With the recent releases of FIFA Street and SSX, the question regarding the price of games makes an appearance once again. Both games play more towards the non-traditional sports loving audience and yet, both launched in stores with 60 dollars price tags. Is this a smart move? With the increase of digital content, should arcade sports games be released at full price?
Looking back over the last 9 months, it has been an incredible year for the sports genre. There have been a number of great gaming options ranging from sim-focused releases such as NBA 2K12 and FIFA 12 to arcade-centric games like NBA JAM: On Fire Edition and NFL Blitz. While the choice has been vast, the one thing that has been common until now is price. Arcade games have been digital releases with 15 dollar price tags while the simulation games hit retail with 60 dollar price tags.
But why are both FIFA Street and SSX selling for 60 dollars? Both games would be classified as arcade games. In the case of SSX, it contains a lot of unrealistic aspects and over-the-top action. For FIFA Street, while the game doesn’t go with the overboard with unrealistic content, it isn’t as deep when put side to side to its bigger brother, FIFA 12.
In fact, both games released with a lot of scrutiny and uncertainty. SSX was marred early on due to the poor reception of its initial teaser and with a five year gap between games in the series, many people had lost interest or were hesitant to ride down a mountain again. Even with the glowing reviews, we won’t know how well it was received by the masses until March NPD numbers are released in April.
For FIFA, it is a dual-edged sword. While not technically bad games, the original FIFA Street series wasn’t that great, overshadowed by the more popular NBA Street. It also came out at a time when EA’s EA Sports Big branding released so many action and arcade centric sports games that it felt more like a quick cash grab than anything else. Both FIFA Street and NFL Street couldn’t keep with the success of NBA Street and neither managed to last as long. Yes, NBA Street disappeared after NBA Street Homecourt but there is still a vocal community longing for EA to bring the series back, or for someone else to resurrect Streetball in video game form. The closest thing we’ve had recently was the NBA Legends Showcase DLC last December for NBA 2K12, which was a $10 add on.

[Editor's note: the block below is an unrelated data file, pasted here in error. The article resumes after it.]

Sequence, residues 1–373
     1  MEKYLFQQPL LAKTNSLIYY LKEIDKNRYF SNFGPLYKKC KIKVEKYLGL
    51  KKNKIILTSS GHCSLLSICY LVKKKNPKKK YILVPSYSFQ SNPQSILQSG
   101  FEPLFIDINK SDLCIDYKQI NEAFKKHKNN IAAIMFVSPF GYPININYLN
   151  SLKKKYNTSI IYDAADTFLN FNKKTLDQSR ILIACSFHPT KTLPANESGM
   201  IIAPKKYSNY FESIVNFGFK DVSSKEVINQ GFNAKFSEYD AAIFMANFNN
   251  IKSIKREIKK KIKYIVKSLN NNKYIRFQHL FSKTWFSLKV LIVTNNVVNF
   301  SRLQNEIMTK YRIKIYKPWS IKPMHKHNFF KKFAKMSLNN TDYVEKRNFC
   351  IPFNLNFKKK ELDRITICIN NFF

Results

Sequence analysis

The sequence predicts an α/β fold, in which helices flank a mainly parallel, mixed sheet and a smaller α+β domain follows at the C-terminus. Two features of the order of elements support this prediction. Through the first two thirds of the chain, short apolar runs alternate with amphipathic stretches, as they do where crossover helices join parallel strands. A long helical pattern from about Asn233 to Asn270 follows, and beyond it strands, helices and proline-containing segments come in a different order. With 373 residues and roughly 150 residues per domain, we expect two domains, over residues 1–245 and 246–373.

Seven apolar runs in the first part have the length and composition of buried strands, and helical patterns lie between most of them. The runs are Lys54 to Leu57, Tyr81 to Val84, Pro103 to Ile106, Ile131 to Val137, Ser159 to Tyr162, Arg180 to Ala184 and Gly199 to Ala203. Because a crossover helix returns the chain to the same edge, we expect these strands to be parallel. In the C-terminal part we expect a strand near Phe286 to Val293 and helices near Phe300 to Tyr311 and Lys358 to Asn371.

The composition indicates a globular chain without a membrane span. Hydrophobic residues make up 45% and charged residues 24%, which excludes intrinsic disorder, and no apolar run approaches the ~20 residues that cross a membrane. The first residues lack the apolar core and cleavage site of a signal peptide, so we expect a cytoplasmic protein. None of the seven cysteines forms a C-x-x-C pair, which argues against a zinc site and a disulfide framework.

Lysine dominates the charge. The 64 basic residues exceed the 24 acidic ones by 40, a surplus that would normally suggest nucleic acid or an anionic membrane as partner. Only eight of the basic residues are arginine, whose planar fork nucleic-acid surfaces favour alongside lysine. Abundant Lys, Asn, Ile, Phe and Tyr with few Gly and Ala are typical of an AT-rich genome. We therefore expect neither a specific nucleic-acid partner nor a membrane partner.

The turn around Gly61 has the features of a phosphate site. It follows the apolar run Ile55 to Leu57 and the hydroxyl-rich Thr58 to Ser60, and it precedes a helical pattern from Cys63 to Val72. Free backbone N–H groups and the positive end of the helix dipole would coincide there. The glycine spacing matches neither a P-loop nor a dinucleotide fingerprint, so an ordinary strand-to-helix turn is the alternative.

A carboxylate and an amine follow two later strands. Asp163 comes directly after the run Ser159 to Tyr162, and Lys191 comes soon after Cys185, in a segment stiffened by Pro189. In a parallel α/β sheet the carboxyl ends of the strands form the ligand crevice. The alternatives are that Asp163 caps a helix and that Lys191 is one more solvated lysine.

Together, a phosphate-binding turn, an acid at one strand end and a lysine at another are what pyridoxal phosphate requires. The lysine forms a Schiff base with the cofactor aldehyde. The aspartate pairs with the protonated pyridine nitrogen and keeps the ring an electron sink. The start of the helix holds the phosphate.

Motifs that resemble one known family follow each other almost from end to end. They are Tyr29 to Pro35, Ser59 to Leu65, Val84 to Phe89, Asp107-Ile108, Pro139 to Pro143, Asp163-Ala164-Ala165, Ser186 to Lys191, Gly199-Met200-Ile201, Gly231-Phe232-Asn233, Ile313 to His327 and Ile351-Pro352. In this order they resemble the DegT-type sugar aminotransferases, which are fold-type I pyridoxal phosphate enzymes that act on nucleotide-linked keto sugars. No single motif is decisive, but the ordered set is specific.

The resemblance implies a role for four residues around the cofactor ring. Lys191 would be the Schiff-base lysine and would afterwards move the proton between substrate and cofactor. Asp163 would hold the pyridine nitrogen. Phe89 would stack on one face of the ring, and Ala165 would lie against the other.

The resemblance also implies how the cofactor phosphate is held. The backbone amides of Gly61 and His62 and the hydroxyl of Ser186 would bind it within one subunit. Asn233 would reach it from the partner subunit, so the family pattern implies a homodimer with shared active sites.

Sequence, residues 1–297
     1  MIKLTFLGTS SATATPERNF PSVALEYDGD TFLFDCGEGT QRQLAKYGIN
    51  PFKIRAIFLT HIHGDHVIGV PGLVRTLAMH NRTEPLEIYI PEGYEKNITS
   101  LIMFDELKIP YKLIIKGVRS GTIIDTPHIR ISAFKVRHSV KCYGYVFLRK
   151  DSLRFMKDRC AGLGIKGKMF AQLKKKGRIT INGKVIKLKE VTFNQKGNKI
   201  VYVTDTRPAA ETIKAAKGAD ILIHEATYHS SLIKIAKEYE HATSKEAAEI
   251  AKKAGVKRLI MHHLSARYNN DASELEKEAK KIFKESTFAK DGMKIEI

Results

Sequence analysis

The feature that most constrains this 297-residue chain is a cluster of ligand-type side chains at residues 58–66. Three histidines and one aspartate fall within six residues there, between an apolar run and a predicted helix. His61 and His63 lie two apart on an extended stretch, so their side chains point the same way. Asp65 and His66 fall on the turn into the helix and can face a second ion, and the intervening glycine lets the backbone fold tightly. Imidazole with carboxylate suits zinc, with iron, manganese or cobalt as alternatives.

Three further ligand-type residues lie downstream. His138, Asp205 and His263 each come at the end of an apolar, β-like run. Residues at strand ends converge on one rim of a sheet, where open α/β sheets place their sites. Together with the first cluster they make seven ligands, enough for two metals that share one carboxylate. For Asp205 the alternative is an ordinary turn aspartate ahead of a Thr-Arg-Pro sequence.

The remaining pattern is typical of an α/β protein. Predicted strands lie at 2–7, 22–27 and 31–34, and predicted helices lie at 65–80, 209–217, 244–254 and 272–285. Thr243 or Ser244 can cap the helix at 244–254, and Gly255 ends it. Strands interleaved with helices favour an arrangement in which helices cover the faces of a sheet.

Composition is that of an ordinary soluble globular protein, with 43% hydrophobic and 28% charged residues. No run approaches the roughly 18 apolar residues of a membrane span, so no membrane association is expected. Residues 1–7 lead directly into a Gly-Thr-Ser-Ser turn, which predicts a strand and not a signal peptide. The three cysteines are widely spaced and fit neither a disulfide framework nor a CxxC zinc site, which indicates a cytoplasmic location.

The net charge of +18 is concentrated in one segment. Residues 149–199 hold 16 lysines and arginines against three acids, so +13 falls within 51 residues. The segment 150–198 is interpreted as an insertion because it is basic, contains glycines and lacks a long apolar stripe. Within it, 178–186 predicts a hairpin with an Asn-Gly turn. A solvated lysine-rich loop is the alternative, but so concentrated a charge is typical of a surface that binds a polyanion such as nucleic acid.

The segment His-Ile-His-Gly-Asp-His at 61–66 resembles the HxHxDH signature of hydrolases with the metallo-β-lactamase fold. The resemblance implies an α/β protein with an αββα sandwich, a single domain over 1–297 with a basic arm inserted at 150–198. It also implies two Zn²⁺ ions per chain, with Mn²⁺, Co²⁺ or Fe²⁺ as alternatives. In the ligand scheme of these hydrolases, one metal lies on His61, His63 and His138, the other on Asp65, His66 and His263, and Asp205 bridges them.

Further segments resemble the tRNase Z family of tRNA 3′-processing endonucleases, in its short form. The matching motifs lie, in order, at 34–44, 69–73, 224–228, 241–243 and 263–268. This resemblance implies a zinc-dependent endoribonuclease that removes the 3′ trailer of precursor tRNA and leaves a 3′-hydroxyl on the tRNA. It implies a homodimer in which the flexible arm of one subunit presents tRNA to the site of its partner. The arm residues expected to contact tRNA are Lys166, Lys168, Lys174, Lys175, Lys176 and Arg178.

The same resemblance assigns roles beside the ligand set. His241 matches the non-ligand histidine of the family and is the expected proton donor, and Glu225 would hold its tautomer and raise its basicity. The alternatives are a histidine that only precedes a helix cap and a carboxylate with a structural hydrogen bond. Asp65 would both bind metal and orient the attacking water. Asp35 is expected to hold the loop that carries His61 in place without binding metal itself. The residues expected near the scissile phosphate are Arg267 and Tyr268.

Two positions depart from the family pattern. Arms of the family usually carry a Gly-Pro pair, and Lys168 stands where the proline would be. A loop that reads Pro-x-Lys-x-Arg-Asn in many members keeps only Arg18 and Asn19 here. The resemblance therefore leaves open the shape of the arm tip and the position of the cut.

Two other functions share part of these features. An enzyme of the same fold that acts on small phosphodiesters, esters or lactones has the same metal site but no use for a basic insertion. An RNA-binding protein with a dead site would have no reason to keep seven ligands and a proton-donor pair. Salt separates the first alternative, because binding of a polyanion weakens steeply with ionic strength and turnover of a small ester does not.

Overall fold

The other side of the FIFA Street coin is simple: it’s FIFA. EA’s answer to Call of Duty is clearly FIFA, and it’s fair to say that FIFA is more recognizable as a global brand. It is a huge money maker and incredibly popular. EA knows that soccer fans, especially Europeans, will eat up FIFA Street and regardless of how it is received critically, will be among the best selling games for the next few weeks, if not longer.
EA isn’t afraid to release retail sports games below the sixty dollar price point. When NBA JAM went on sale for PS3 and 360 in late 2010, it had a 40 dollars MSRP. February’s Grand Slam Tennis 2 also released at a lower price, 50 dollars. In the case of NBA JAM, that was more under pressure due to the rushed nature of the game and the voices of gamers unwilling to justify a full price purchase of a game originally intended as a downloadable bonus for owners of NBA Elite 11. For Grand Slam Tennis 2, they were releasing a game for a sport they had limited familiarity with. While it may have been even better suited at 40 dollars as well, they were still willing to sell it with a lower price tag in the hopes of enticing gamers to it.
If we strip down every aspect of FIFA Street, chances are it would have worked just as well as a downloadable game. SSX may have been a little bit more difficult to produce as a digital release with the same amount of content it currently has. Had they started development thinking of it as a digital title first, then they could have found a way to do so. Considering the size limitations for digital games have increased significantly over the year, it makes it even easier for developers to publish content digitally rather than packaging them and selling them in stores.
There is no excuse for developers and publishers to not make arcade-centric sports games and release them digitally. The audience is there and the favorable price point gives people even more reason to pick up a game at 15 dollars instead of 60. The future of arcade sports games rides on the success and failure of both FIFA Street and SSX. If both manage to rack up strong sales across all territories, then we can expect more full priced games. But if either fails, hopefully that leads to full content, arcade-sports games at favorable prices.
Oddly enough, only days after I originally wrote this and posted it on my personal blog (tastygames.blogspot.com), both Amazon and GameStop dropped the prices of both games to 39.99. While those might only be sale prices it still goes to show that even retailers understand that sports games like this shouldn't be priced the same as other games. Hopefully this becomes permanent.